When trying to write the kind of story you want to tell, and the kind of story kids want to hear, all sorts of pesky things can get in the way; rules of society, parents’ ideas of a “proper” story, censorship nazis, the list goes on and on.
During the SCBWI Summer conference, John Scieszka (pronounced chess-kah), talked about this problem in his keynote address entitled The Importance of Being Subversive in Writing for Kids: Not Every Book Should Put You to Sleep. He said there are a lot of people between you and your audience; You have to get creative to sneak your ideas past them.
He told about how in his book, The True Story of the Three Little Pigs, he told the tale from the wolf’s point of view. Nothing could be more subversive. He got to mess with everything – that’s what was so fun. My kids loved this book when they were little. Maybe that’s where they got the idea for the stories they told me whenever they got into trouble. It wasn’t me, Mom. Aliens used mind control and took over my body to make me spread peanut butter all over the television. I wouldn’t do something like that!
Just in case you haven’t read this book, here’s a quick summary:
“You may think you know the story of the Three Little Pigs. But you don’t know the whole story until you’ve heard A. Wolf’s side of the story. Mr. Wolf huffs, and he puffs, and he has a very bad sneezing cold. He also needs a cup of sugar to make a birthday cake for his dear, sweet granny’s birthday. Read and learn. Then decide for yourself–Big Bad Wolf . . . or media frame-up?” (Plot summary from author’s website.)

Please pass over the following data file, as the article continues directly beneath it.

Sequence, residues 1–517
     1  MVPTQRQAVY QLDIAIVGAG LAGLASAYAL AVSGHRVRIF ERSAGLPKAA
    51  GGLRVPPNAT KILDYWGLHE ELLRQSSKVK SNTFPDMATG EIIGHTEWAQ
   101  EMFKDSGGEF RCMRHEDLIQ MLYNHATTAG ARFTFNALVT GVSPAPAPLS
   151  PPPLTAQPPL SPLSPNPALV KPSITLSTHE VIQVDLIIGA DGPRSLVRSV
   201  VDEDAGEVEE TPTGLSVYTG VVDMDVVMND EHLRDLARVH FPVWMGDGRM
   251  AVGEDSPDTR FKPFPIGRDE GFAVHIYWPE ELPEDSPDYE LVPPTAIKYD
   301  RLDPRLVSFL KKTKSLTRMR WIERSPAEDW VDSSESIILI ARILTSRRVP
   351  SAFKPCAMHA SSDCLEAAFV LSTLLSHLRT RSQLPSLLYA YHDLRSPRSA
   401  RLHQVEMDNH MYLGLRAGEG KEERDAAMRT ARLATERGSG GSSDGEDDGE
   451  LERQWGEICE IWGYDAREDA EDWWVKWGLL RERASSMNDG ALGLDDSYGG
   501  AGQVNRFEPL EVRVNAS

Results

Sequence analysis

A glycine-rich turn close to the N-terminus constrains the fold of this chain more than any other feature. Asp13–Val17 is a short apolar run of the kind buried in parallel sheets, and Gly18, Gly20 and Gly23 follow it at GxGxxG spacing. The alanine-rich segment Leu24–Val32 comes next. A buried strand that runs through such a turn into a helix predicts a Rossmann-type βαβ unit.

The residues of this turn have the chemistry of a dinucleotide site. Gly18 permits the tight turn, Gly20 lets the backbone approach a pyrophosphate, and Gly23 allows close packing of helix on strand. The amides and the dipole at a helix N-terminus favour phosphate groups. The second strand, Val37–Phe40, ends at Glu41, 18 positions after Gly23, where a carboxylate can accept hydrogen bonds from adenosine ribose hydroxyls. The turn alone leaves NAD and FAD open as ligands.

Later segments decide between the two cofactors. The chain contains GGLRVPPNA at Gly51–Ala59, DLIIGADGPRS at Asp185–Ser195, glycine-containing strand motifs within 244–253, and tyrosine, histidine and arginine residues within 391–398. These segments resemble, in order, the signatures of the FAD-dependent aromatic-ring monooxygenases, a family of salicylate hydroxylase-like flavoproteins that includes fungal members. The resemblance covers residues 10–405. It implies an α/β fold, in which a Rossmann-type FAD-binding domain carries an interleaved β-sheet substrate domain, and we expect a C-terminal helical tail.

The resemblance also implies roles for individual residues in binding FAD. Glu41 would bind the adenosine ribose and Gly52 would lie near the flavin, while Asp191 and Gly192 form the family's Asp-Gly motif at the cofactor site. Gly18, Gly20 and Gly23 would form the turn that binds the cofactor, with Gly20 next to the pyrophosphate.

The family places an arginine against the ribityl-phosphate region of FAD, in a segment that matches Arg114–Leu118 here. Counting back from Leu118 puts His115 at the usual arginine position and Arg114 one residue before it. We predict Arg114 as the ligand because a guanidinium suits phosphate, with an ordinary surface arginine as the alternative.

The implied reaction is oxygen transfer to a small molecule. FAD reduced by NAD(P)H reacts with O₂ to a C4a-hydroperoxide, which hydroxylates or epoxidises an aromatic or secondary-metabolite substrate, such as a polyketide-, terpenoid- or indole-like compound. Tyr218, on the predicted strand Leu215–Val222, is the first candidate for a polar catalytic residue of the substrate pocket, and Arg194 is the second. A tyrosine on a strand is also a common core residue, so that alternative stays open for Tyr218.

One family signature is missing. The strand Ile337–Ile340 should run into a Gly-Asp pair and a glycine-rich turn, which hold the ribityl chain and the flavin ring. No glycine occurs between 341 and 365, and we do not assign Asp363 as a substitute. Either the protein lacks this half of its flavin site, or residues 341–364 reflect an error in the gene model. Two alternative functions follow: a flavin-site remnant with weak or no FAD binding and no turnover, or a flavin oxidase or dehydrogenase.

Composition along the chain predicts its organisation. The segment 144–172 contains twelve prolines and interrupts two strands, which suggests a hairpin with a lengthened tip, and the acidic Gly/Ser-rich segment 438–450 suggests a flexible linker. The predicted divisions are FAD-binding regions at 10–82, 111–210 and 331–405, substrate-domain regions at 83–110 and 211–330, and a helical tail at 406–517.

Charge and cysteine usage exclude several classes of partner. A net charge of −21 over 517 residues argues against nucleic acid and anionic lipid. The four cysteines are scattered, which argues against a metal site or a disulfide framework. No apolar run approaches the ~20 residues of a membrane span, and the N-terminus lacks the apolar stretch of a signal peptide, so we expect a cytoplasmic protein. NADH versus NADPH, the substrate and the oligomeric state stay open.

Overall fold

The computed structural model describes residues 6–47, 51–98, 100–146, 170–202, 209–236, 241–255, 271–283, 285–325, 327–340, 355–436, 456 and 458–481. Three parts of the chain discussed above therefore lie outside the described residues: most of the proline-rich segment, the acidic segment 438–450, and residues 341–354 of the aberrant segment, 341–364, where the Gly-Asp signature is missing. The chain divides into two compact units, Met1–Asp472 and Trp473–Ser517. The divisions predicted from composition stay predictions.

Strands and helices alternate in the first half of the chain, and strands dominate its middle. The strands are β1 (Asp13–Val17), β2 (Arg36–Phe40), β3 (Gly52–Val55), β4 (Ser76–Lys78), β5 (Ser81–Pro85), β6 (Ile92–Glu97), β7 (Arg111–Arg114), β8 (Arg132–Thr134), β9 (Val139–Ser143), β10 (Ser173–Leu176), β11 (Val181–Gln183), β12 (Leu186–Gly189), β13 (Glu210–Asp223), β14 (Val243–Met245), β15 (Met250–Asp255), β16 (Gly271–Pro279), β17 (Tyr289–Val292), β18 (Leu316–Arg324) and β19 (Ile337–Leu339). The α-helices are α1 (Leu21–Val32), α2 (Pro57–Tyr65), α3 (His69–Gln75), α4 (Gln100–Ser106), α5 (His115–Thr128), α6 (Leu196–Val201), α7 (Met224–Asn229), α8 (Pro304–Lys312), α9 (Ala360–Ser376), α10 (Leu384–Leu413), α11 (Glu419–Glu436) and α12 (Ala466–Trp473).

It may seem like just a funny story, (which it is) but I also think it plants the seeds of critical thinking and realizing there are two sides to every situation. Also, just because someone tells us we should believe them, doesn’t mean they are telling the truth. Scieszka manages to pull all of this off without beating kids over the head with a sickly sweet moral story. Fascinating.
During his talk, he also told about how The Stinky Cheese Man (a collection of subversive stories) received a monumental amount of rejections. One of the harsher rejections asked him to “please don’t send us anything ever again”. Ouch. Another suggested that “this isn’t really a great story to put kids to sleep.” He said he didn’t want to put kids to sleep.
The first National Ambassador for Young People’s Literature (who won a Caldecott medal for that monumentally rejected book) told us this:
“You’re born being subversive. It gets beat out of you.”
Our duty is to stir kids up.
He says that you can get kids excited about reading by giving them the kinds of stories they want to read. One way he did this, besides writing a few subversive books himself, was to establish GUYS READ, a web-based literacy program for boys meant to address the declining interest in reading by boys. His GUYS READ website has a list of many books approved by boys themselves.
So the next time you find yourself censoring a crazy idea or trashing a storyline because no parent will buy it, think of Jon Scieszka and be subversive. Our kids need you to stir them up and get them excited about reading.